Adaptive evolution to a high purine and fat diet of carnivorans revealed by gut microbiomes and host genomes

Lifeng Zhu, Qi Wu, Cao Deng, Mengjie Zhang, Chenglin Zhang, Hua Chen, Guoqing Lu, Fuwen Wei

Research output: Contribution to journalArticle

5 Scopus citations


Carnivorous members of the Carnivora reside at the apex of food chains and consume meat-only diets, rich in purine, fats and protein. Here, we aimed to identify potential adaptive evolutionary signatures compatible with high purine and fat metabolism based on analysis of host genomes and symbiotic gut microbial metagenomes. We found that the gut microbiomes of carnivorous Carnivora (e.g., Felidae, Canidae) clustered in the same clade, and other clades comprised omnivorous and herbivorous Carnivora (e.g., badgers, bears and pandas). The relative proportions of genes encoding enzymes involved in uric acid degradation were higher in the gut microbiomes of meat-eating carnivorans than plant-eating species. Adaptive amino acid substitutions in two enzymes, carnitine O-palmitoyltransferase 1 (CPT1A) and lipase F (LIPF), which play a role in fat digestion, were identified in Felidae-Candidae species. Carnivorous carnivorans appear to endure diets high in purines and fats via gut microbiomic and genomic adaptations.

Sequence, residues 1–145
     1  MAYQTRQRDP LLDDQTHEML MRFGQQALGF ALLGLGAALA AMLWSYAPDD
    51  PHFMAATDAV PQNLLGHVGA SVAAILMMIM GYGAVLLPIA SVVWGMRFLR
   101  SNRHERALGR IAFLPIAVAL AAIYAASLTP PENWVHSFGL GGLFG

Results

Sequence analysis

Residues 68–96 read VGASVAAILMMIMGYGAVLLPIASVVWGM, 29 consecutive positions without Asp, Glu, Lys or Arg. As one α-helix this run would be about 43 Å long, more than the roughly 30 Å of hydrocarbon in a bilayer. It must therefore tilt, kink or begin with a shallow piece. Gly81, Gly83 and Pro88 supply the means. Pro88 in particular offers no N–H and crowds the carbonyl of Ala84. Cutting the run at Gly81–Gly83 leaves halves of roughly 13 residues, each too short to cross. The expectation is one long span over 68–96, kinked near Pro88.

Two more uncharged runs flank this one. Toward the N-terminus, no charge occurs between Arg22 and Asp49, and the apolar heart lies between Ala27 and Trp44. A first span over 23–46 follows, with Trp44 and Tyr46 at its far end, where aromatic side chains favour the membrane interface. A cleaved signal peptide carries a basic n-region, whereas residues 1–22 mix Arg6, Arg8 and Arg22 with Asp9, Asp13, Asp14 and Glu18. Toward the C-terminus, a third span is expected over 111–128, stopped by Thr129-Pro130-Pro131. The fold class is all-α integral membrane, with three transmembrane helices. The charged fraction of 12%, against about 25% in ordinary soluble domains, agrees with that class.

Original languageEnglish (US)
Pages (from-to)1711-1722
Number of pages12
JournalEnvironmental microbiology
Issue number5
Publication statusPublished - May 2018


ASJC Scopus subject areas

  • Microbiology
  • Ecology, Evolution, Behavior and Systematics

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